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Thames-Coromandel property prices hit $1m average

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House prices in Thames-Coromandel have surpassed a record average sales figure that few would have predicted only a few years ago.

According to the latest QV House Price Index, the average house price in the district is now $1,006,031, which is 19.6% higher than the same time last year and almost twice as much as it was back in 2015 when the average home value was just $523,707.

Quotable Value (QV) property consultant Jarrod Hedley said it had just become the first district in the Waikato to surpass the $1m mark. “A strong amount of growth in property values has occurred on the Coromandel Peninsula during the past 12 months, not just as a result of record low-interest rates and a lack of supply, which are obviously key drivers of activity right now, but also as a direct result of Covid-19 and our closed international borders.”

“With international travel being almost entirely off the cards until only recently and the fast-growing trend of remote working continuing to gather pace, having your own place in the Coromandel is becoming even more attractive.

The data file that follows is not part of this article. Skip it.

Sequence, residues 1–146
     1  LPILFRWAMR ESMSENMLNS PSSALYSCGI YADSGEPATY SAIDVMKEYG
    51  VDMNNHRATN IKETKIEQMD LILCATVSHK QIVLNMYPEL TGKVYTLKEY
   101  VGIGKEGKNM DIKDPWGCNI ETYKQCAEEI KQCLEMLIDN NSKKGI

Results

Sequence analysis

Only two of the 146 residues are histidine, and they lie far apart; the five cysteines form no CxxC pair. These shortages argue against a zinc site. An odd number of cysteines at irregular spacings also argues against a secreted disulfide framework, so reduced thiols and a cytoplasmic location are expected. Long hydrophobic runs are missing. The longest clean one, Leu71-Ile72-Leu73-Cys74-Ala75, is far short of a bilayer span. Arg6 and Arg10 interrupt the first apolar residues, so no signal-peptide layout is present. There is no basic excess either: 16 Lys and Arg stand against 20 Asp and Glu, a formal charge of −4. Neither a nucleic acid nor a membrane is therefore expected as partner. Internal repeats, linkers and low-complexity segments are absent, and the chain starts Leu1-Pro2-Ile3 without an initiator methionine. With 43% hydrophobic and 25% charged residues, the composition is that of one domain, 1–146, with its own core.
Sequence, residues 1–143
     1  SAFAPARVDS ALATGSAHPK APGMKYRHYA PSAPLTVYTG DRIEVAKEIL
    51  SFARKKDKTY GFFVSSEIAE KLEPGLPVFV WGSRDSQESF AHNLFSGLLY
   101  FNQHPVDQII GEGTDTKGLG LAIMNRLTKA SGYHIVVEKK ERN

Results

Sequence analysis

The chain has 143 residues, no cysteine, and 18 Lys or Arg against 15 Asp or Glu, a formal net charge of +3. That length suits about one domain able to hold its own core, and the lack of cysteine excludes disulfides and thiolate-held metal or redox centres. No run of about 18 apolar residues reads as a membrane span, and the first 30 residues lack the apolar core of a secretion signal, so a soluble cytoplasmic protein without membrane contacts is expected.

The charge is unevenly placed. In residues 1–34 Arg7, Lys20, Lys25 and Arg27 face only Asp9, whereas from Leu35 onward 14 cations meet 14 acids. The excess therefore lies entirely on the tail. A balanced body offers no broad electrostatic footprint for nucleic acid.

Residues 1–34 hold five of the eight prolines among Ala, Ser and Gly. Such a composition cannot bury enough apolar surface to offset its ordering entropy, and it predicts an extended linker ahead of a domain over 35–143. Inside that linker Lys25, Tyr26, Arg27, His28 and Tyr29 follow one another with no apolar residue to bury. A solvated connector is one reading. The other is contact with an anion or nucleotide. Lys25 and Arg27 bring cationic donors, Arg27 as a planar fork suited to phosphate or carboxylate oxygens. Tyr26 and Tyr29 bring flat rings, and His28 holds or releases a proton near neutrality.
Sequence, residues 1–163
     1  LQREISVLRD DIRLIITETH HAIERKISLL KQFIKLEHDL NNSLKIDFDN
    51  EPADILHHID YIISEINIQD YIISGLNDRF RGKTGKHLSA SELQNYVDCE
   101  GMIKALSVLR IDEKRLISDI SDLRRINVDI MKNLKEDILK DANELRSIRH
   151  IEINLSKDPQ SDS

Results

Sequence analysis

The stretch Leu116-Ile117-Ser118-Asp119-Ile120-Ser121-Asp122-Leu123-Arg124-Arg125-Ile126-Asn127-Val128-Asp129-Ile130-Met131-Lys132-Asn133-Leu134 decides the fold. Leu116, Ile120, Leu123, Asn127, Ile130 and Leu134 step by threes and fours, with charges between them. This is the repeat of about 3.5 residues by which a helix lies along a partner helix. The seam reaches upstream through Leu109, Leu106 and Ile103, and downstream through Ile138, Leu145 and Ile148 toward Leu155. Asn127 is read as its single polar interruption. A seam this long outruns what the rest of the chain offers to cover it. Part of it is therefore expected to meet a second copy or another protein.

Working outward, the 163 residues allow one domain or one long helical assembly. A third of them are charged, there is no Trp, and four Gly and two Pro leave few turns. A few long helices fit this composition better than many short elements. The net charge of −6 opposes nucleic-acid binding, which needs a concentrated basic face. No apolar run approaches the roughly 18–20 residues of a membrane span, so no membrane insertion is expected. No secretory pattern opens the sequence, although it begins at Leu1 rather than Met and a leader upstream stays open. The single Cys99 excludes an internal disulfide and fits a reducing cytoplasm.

“With the ever posing threat of lockdowns at the forefront of their decision making, buyers are looking for property that they can move into as soon as possible and some may even consider paying a premium rather than potentially missing out. This is another vindicating factor in value growth.”

Unlike much of the rest of New Zealand, where upward pressure on prices has typically been greatest at the lower end of the market, where first-home buyers and investors have been competing for entry-level properties, it’s at the upper end of the market where Thames-Coromandel’s prices have increased the most.

In the 12 months since March 2020, the average price of a home in the upper quartile of the Thames-Coromandel District market has increased by 22.3% or $322,663 in real dollar terms, while the average price of a home in the lower quartile of the market has increased by a comparatively modest 12.8% or $65,321.

“This strong growth has been driven by good demand at the upper end of the market, especially beachfront and properties that have sea views, where supply is not as high as other sectors of the market. This has been led by heightened activity in Whangamata in particular, and also other towns on the eastern side of the peninsula,” said Mr Hedley.

“Although the property market does continue to be busy at both ends of the spectrum, it will be interesting to note in coming months whether the Government’s recent announcements have their intended effect of slowing some of this strong price growth, and also if and when the world can open up again.”